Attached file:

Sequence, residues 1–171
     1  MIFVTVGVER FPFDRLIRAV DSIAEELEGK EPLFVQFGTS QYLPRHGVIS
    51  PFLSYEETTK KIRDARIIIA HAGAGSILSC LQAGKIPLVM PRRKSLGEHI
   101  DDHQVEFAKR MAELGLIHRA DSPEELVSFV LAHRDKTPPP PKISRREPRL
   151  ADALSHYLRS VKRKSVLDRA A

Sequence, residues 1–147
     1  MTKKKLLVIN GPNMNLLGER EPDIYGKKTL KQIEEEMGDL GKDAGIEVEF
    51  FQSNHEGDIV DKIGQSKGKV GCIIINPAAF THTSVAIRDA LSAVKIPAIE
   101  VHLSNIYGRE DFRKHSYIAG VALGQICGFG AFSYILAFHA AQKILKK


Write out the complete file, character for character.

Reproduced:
Sequence, residues 1–171
     1  MIFVTVGVER FPFDRLIRAV DSIAEELEGK EPLFVQFGTS QYLPRHGVIS
    51  PFLSYEETTK KIRDARIIIA HAGAGSILSC LQAGKIPLVM PRRKSLGEHI
   101  DDHQVEFAKR MAELGLIHRA DSPEELVSFV LAHRDKTPPP PKISRREPRL
   151  ADALSHYLRS VKRKSVLDRA A

Sequence, residues 1–147
     1  MTKKKLLVIN GPNMNLLGER EPDIYGKKTL KQIEEEMGDL GKDAGIEVEF
    51  FQSNHEGDIV DKIGQSKGKV GCIIINPAAF THTSVAIRDA LSAVKIPAIE
   101  VHLSNIYGRE DFRKHSYIAG VALGQICGFG AFSYILAFHA AQKILKK